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Author: J Louys (13)


Sep
2017

Seasonal two-way migration is an ecological phenomenon observed in a wide range of large-bodied placental mammals, but is conspicuously absent in all modern marsupials. Most extant marsupials are typically smaller in body size in comparison to their migratory placental cousins, possibly limiting their potential to undertake long-distance seasonal migrations. But what about earlier, now-extinct giant marsupial megafauna? Here we present new geochemical analyses which show that the largest of the extinct marsupial herbivores, the enormous wombat-like Diprotodon optatum, undertook seasonal, two-way latitudinal migration in eastern Sahul (Pleistocene Australia-New Guinea).

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Dec
1969

Genetic evidence for anatomically modern humans (AMH) out of Africa before 75 thousand years ago (ka) and in island southeast Asia (ISEA) before 60 ka (93-61 ka) predates accepted archaeological records of occupation in the region. Claims that AMH arrived in ISEA before 60 ka (ref. 4) have been supported only by equivocal or non-skeletal evidence.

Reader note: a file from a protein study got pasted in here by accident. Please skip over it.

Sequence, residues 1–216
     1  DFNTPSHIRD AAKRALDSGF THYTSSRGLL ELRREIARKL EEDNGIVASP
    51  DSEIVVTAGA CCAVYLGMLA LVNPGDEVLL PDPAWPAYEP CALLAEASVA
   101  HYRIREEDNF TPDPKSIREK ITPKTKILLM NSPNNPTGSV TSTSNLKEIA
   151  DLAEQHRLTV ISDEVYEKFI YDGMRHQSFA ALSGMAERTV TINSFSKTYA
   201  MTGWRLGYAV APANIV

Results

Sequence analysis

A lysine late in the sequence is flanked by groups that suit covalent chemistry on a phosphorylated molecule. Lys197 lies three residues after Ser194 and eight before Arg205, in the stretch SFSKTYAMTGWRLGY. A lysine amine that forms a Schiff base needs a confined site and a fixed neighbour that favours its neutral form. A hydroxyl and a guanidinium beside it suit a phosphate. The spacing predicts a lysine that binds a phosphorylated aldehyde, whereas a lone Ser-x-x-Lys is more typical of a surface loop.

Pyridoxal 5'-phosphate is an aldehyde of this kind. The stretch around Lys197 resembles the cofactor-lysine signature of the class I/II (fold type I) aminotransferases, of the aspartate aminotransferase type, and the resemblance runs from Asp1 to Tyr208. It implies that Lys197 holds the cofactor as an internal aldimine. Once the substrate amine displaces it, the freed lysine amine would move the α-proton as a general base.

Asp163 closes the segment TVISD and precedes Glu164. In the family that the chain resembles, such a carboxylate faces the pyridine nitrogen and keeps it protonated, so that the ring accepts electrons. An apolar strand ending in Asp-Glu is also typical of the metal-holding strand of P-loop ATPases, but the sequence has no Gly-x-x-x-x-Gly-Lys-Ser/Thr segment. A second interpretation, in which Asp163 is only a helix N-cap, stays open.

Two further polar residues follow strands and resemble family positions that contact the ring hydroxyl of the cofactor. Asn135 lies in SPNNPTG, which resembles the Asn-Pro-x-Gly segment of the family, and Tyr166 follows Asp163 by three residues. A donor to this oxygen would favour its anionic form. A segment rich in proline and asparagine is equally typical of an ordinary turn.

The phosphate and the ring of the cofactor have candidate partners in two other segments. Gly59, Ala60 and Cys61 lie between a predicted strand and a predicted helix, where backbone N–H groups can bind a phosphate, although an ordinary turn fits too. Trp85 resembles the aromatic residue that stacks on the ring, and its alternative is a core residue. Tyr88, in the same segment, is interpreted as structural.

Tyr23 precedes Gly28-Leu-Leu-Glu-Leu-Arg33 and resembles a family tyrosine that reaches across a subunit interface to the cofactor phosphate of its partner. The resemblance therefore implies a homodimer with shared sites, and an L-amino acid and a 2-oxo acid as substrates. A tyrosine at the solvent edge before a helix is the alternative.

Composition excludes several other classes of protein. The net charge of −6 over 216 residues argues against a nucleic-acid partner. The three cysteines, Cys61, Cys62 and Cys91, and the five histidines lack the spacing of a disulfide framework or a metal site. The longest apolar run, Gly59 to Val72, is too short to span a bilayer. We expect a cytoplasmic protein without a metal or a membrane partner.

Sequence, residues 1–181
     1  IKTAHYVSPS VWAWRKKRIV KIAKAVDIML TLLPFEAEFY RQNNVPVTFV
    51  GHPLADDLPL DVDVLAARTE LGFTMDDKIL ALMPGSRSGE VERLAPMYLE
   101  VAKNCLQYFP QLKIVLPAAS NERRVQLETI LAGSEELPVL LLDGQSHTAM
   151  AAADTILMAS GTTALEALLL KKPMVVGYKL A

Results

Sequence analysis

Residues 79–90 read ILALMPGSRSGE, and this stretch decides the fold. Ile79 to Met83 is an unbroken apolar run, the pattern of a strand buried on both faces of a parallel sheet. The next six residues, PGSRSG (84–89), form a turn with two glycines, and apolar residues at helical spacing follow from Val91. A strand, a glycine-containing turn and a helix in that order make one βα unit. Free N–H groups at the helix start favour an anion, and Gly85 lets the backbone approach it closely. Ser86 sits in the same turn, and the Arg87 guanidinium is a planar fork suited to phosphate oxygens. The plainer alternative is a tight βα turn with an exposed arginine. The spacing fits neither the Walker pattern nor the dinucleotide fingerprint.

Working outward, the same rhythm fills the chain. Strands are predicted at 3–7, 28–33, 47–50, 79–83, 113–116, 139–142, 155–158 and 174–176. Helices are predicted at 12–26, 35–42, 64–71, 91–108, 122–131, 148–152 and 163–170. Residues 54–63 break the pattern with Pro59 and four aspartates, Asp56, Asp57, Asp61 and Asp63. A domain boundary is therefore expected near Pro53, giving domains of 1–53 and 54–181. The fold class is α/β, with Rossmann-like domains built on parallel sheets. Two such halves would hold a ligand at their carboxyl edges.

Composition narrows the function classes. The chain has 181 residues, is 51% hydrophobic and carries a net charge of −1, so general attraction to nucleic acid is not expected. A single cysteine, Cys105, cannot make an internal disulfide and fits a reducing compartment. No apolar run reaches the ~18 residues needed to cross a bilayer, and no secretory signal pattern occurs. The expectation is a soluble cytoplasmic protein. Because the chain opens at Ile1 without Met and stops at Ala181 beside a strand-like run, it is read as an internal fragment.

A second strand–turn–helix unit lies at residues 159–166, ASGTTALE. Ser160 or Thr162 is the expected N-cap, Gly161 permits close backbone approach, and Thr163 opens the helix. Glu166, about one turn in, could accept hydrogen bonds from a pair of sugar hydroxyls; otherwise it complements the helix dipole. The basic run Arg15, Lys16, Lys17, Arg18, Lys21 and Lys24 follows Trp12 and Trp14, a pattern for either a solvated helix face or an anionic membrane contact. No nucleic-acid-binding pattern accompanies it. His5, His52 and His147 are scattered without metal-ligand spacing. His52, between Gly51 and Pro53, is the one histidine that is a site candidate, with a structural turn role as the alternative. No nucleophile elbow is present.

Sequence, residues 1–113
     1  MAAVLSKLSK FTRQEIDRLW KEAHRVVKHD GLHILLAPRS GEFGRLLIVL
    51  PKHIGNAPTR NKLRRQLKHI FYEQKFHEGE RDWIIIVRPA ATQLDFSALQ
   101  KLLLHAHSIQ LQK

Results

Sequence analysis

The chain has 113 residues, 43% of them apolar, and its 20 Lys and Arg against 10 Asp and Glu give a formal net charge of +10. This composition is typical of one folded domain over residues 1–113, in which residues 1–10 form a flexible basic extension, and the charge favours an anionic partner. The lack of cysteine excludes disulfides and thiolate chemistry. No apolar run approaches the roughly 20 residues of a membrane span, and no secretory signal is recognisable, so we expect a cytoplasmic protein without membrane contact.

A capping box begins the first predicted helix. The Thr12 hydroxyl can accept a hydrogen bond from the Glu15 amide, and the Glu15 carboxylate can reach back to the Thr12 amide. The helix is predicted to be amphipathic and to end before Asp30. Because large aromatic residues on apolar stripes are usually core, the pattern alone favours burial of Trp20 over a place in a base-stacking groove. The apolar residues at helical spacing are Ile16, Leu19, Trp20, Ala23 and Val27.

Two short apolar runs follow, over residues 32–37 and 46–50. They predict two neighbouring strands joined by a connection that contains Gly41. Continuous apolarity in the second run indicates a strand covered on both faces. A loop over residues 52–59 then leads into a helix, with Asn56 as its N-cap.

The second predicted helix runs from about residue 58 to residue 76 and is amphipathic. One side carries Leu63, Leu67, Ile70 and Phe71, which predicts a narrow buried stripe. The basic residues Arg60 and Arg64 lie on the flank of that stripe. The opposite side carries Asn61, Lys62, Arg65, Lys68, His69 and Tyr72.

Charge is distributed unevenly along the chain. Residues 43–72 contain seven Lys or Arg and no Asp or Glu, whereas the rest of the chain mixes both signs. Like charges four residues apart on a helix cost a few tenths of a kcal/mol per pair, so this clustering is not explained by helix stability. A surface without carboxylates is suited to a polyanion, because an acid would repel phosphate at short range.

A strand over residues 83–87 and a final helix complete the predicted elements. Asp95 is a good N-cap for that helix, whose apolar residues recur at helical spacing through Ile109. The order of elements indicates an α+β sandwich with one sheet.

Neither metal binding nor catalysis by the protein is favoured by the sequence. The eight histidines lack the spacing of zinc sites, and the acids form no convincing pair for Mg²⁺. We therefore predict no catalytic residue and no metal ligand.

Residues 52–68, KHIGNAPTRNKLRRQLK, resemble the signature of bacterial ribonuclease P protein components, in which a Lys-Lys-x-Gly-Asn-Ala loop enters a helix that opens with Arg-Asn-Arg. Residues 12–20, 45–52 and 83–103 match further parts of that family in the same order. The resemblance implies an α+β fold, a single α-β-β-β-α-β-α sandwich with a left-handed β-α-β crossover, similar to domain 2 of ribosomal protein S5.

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Dec
1969

Stegodons are a commonly recovered extinct proboscidean (elephants and allies) from the Pleistocene record of Southeast Asian oceanic islands. Estimates on when stegodons arrived on individual islands and the timings of their extinctions are poorly constrained due to few reported direct geochronological analyses of their remains. Here we report on uranium-series dating of a stegodon tusk recovered from the Ainaro Gravels of Timor.

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